Rugby: Remarkable comeback for budding lawyer

By Darren Walton

Pat McCabe didn't think the opportunity to play for the Wallabies was going to come again. Photo / Getty Images
Pat McCabe didn't think the opportunity to play for the Wallabies was going to come again. Photo / Getty Images

He's a budding lawyer but, after two broken necks in less than a year, Pat McCabe never thought he'd be defending the All Blacks.

But that's what McCabe will be doing on Saturday night at ANZ Stadium after crowning his remarkable comeback from career-threatening injury with a recall for his first Wallabies start in almost two years.

A Robbie Deans favourite who played in the centres in Australia's World Cup semifinal loss to New Zealand three years ago, McCabe has scarcely been sighted in a gold jumper since breaking his neck on the 2012 spring tour.

His last test start came against France in November 2012 and, even after recovering from a second fracture sustained against the touring Lions last year, McCabe thought his international career was over at just 25.

"There's certainly been a lot of moments where I didn't think I'd be back here, or a few moments where I didn't think I'd be playing again," McCabe said after answering the call from Wallabies coach Ewen McKenzie.

"I guess it's part of the ride and I've learned to enjoy the highs, but you realise the lows are never too far away. So I'm hugely excited about the opportunity. It's certainly one I didn't think was going to come again and one that I can't wait for."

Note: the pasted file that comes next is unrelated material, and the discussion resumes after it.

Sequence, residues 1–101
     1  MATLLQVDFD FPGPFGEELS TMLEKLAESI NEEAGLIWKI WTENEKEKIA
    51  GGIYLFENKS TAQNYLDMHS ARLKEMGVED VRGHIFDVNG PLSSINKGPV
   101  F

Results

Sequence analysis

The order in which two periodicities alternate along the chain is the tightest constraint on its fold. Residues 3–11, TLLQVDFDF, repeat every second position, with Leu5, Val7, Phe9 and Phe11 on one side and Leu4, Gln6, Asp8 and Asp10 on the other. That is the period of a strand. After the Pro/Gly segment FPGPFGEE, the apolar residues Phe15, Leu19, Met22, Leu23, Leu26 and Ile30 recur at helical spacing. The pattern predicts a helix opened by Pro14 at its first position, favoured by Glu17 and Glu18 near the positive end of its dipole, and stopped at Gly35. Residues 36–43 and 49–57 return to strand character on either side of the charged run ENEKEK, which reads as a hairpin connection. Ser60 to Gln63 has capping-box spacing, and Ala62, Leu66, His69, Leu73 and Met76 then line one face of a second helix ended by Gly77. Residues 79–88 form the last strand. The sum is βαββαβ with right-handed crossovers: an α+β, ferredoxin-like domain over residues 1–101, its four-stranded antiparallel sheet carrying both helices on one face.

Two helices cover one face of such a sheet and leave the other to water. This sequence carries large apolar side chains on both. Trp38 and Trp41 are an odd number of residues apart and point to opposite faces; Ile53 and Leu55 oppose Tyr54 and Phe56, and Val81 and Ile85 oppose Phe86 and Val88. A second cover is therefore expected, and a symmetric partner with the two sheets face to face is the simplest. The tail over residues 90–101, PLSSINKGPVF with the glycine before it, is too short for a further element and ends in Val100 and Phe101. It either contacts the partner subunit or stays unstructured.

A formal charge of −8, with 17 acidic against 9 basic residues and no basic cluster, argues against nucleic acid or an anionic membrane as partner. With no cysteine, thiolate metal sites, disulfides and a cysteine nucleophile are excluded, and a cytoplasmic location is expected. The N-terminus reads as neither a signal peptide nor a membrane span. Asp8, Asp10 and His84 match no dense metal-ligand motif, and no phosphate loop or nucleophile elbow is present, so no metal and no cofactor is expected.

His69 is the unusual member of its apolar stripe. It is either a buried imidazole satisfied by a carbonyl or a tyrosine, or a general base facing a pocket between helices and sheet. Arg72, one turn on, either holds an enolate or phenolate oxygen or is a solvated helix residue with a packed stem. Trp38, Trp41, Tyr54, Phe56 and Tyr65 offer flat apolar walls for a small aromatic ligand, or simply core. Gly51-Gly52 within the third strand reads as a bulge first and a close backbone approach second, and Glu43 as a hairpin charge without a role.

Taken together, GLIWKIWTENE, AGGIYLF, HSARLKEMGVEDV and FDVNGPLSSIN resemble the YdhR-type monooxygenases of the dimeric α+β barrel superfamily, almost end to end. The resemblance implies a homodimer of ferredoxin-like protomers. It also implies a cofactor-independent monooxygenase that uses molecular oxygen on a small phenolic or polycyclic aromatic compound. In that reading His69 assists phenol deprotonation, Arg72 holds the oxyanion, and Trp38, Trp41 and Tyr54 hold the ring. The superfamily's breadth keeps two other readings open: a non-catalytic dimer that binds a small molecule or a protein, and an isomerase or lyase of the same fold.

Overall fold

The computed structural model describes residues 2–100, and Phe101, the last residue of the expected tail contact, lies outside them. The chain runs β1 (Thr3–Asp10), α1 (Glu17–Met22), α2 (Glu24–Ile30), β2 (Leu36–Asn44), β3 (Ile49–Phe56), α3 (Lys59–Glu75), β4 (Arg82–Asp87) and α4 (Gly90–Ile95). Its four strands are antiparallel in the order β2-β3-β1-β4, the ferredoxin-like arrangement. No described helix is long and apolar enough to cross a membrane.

McCabe ended the Brumbies' Super Rugby campaign on the bench, but McKenzie said the versatile utility never left his radar.

He said both McCabe and fellow winger Rob Horne were the rugged style of characters Australia needed on the end of their backline as they strive to break the All Blacks' 12-year stranglehold on the Bledisloe Cup.

"They're fairly uncompromising types of players in attack and defence. They run hard and carry. We've got to be relentless in doing that," McKenzie said. "We know we've got to play 80 minutes, so they're 80-minute-type players.

"We know the All Blacks will kick lots of balls to us and, when I first met Patty, he was a fullback and he's played there for the Brumbies this year ... His skill set suits what we want to do."

McCabe is three-quarters of the way through completing a law degree, "so that was looking like the future - and probably will be at some stage. I'll have to get a real job eventually," he said. "But for the moment, I'm loving being here and I can't wait for Saturday night."


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